The Prevention of Infections in Older Adults: Vaccination

Patrick P Coll, Victoria W Costello, George A Kuchel, Jenna Bartley, Janet E McElhaney
Journal of the American Geriatrics Society 2020, 68 (1): 207-214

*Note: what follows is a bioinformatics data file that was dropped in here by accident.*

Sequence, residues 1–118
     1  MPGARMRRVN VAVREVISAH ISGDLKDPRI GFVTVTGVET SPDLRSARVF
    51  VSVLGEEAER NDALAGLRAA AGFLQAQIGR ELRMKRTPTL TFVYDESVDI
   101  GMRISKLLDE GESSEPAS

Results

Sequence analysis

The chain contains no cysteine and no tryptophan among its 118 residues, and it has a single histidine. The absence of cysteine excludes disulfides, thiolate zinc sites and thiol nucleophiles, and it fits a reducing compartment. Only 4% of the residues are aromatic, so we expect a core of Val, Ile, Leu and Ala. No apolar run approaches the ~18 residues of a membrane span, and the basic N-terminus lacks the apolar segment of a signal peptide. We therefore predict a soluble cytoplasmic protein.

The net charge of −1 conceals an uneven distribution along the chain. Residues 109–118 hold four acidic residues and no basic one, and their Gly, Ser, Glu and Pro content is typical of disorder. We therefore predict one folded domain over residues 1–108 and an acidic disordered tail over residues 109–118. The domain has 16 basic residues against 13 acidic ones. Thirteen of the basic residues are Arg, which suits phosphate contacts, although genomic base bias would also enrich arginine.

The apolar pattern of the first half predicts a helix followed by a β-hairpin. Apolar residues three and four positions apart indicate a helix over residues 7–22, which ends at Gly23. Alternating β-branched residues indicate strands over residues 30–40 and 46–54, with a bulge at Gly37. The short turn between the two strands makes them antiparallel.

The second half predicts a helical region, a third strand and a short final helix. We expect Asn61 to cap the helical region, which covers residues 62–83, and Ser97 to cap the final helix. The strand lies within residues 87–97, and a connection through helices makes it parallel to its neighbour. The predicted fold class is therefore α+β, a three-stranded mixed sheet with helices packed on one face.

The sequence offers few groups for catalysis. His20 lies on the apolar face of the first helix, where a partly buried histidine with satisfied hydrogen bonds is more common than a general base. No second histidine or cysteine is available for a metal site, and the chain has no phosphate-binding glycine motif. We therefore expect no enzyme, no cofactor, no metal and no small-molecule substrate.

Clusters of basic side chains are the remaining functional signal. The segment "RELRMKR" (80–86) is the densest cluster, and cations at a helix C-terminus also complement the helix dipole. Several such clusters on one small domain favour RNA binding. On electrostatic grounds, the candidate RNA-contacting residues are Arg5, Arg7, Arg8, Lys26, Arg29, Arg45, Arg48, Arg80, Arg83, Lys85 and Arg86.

All living beings are at risk for experiencing infections; humans are no exception. The prestige and credibility of modern medicine is built in large part on achievements in preventing and treating infectious diseases. For most of human history, there was little that could be done to prevent and treat infections. Millions of humans, of all ages, have died from infections; and in some parts of the world, infection-related deaths remain common. Advances in preventing and treating infectious diseases include improved sanitization, sterilization, pasteurization, immunization, and antibiotics. Vaccination has played a major role in the prevention of lethal diseases, such as smallpox, diphtheria, cholera, and influenza. Because of developing or waning immune function, the young and the old are at particularly high risk of experiencing infections. Influenza and pneumonia remain common causes of death in older adults. Influenza, in particular, has the potential to result in premature mortality for all age groups, including those who are older and particularly those who live in congregate settings. Vaccination is important in promoting healthy aging. J Am Geriatr Soc 68:207-214, 2019.

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